Thursday, December 15, 2011

Getting the Good News Through

Our scriptures for this fourth Sunday of Advent are 2 Samuel 7:1-11, 16 and Luke 1:26-38. But I want to begin our reflection for this Sunday when we consider, in our season of waiting, how we are waiting for love by looking back at what we talked about this past Sunday: how we are waiting for the joy of good news. There was an incredibly powerful quote I meant to include in our conversation around this in the sermon this past Sunday, so since I neglected to do that I will post it here:

"We all long to hear a good word: a word that brings good news, a word that can sustain us, a word that can give us the vision and courage to make it through another day, a word that tells us God is with us. Precisely what that 'good word' is, what it says, will vary from context to context. A person who is drowning doesn't want to hear about food any more than a person who is starving wants to be thrown a life preserver. We each long to hear a word that speaks to where we are, in our own particular place and time." (Professor Holly Hearon,

I think it's true--we are each waiting for good news--but good news is not uniform for everyone. It will not be received in the same way by everyone. We hear every piece of news colored by our histories, our needs, the ways we have been burned or blessed in the past, the way we imagine the future is "supposed" to be.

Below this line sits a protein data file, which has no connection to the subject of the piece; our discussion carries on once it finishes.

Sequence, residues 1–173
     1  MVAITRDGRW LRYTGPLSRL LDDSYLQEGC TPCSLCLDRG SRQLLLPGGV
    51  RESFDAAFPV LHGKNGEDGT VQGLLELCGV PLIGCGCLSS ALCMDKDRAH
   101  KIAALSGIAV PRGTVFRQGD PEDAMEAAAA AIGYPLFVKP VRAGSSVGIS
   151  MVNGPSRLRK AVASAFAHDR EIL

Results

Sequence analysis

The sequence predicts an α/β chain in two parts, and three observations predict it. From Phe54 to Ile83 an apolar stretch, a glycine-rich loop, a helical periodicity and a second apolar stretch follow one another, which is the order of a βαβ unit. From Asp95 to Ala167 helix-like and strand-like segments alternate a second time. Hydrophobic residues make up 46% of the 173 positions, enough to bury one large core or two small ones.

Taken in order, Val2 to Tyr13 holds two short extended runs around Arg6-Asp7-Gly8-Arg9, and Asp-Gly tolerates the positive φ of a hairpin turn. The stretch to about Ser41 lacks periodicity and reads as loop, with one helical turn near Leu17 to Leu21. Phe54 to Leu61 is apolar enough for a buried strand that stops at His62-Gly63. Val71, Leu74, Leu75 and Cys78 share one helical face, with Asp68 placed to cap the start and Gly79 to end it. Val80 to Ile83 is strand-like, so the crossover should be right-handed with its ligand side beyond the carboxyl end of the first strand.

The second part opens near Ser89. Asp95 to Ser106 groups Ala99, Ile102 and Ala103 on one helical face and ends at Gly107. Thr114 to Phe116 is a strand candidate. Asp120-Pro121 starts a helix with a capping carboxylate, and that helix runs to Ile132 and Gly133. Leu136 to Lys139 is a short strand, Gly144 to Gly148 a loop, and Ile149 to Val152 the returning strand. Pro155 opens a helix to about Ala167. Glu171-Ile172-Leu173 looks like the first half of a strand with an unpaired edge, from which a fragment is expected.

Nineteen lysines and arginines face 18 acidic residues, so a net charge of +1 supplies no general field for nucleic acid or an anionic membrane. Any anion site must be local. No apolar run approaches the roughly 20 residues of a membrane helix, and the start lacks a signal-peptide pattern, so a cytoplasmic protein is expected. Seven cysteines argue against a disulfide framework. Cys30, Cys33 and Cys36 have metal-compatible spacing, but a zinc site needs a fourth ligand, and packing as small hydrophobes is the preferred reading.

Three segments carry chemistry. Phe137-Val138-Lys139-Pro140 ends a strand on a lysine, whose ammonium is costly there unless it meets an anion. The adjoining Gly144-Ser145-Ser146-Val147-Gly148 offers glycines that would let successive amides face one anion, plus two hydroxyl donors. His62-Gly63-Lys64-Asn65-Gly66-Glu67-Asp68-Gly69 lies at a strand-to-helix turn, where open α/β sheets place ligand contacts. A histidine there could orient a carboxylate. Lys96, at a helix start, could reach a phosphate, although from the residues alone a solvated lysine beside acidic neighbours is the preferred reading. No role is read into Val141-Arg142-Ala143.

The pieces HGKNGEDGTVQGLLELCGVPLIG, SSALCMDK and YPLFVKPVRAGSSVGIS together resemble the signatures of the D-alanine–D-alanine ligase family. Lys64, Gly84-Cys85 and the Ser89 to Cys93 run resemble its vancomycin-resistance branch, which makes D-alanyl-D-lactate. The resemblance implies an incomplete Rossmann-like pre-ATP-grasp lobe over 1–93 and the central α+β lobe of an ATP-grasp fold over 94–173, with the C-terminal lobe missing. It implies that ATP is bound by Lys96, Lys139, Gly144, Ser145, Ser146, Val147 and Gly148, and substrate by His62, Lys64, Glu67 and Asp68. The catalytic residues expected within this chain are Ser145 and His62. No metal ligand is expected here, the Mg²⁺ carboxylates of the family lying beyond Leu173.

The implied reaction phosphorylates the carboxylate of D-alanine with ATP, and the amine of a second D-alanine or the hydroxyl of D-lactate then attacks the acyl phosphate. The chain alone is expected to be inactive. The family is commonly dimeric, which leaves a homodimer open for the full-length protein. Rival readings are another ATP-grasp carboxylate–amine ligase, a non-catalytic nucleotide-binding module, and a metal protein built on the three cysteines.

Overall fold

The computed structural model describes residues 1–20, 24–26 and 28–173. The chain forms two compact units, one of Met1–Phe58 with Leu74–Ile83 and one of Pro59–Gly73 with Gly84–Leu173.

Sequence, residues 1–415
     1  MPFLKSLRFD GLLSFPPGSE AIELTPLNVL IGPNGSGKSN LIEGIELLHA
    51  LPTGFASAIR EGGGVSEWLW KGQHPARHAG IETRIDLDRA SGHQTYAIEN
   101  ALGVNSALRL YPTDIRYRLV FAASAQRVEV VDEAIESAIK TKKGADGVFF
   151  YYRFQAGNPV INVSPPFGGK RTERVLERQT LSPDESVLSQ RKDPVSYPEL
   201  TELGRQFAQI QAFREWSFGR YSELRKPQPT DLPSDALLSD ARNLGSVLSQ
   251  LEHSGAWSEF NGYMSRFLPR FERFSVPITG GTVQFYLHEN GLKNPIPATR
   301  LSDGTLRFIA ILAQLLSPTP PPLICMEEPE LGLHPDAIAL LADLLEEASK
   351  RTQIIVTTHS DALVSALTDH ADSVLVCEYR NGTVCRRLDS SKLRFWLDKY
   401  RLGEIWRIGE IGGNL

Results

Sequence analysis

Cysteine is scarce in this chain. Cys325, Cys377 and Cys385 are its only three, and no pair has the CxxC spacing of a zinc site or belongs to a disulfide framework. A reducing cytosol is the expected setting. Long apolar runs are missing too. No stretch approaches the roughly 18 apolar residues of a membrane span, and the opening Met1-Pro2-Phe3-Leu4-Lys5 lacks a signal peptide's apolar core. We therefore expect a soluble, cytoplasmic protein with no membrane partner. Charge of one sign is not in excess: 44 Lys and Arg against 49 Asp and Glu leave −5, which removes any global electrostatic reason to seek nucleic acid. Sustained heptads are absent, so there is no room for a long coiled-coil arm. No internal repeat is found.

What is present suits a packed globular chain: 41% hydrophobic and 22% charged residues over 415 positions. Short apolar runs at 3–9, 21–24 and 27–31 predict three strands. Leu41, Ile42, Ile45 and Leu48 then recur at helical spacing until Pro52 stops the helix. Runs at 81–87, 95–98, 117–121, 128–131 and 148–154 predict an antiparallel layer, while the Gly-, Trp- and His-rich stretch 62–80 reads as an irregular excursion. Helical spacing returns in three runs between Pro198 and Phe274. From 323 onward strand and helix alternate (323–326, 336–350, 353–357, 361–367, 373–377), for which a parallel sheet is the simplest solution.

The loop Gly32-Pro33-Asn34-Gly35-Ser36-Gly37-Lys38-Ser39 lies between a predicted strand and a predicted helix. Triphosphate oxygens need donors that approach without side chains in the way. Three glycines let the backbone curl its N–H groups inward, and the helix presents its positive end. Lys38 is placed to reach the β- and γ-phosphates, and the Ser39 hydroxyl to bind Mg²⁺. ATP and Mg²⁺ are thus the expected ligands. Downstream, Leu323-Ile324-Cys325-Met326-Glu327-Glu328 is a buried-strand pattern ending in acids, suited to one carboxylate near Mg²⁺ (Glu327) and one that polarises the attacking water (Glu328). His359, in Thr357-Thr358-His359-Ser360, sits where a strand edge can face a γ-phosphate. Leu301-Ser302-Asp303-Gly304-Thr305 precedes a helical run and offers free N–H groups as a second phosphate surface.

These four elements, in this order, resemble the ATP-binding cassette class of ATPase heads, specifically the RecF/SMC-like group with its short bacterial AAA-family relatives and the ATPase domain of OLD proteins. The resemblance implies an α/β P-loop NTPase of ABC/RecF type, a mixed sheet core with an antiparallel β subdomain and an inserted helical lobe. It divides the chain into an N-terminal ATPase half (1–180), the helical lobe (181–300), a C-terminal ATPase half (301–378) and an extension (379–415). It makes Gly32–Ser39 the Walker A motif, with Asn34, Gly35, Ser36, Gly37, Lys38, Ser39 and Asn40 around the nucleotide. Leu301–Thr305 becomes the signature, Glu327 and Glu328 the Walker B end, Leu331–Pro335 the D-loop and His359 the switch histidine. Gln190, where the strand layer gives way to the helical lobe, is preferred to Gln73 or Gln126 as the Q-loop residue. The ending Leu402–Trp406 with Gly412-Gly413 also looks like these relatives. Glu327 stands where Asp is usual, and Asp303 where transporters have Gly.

Think about the good news that unfolded in Luke 1. When Mary's cousin Elizabeth got word she was pregnant--a miracle in her old age after years of barrenness!--this was good news indeed--almost too good to be true for one who had been waiting for this news for decades. But for Mary? At the age of maybe 13 or 14, this was the last news Mary was looking for--it was, in many ways, like being thrown a life preserver when water was nowhere in sight. No wonder, at the angel's appearance and words to her, she found herself not immediately filled with joy deeply troubled, disturbed, confused, rattled. Why would God seek to bring good news to the world in this way--a way that, it seemed, would almost certainly mean bad news for young, unwed Mary? Why would God choose this route to reach us?

I've been captured this Christmas season by a beautiful song co-written and recorded by one of my favorite singer/songwriters, Andy Gullahorn. "I Will Find a Way" dares to imagine God trying to figure out how to bring God's love to a world that God was not sure would be able to receive God's love. What creative ways would God have to find to get this good news, this good Word that is Jesus, across in the context of our broken, suspicious world? The song speaks of a broken, abused young woman—a woman maybe Mary’s age—and speaks from God’s perspective in considering how to get the good news of love across to her. I strongly encourage you to listen to the song here and consider how God had to be creative--unconventional--unexpected--if good news that would completely blow anything else we have ever experienced out of the water was to be received by a world that, in Gullahorn's words, "gave up on love waiting for a change."

We wait…but how ready are we actually to receive such overwhelmingly good news? Are our hearts ready to make room for Christ’s presence? If not, what is keeping that love out? What must God break through to come to us once again?

And once we receive God’s love…to what lengths are we willing to go to see that love carried into the world, to ensure God’s good word can be heard by those who long for it most desperately? What can we learn from God’s choice to become incarnate in us about how we, then, can make Christ’s love intimately present to the world?

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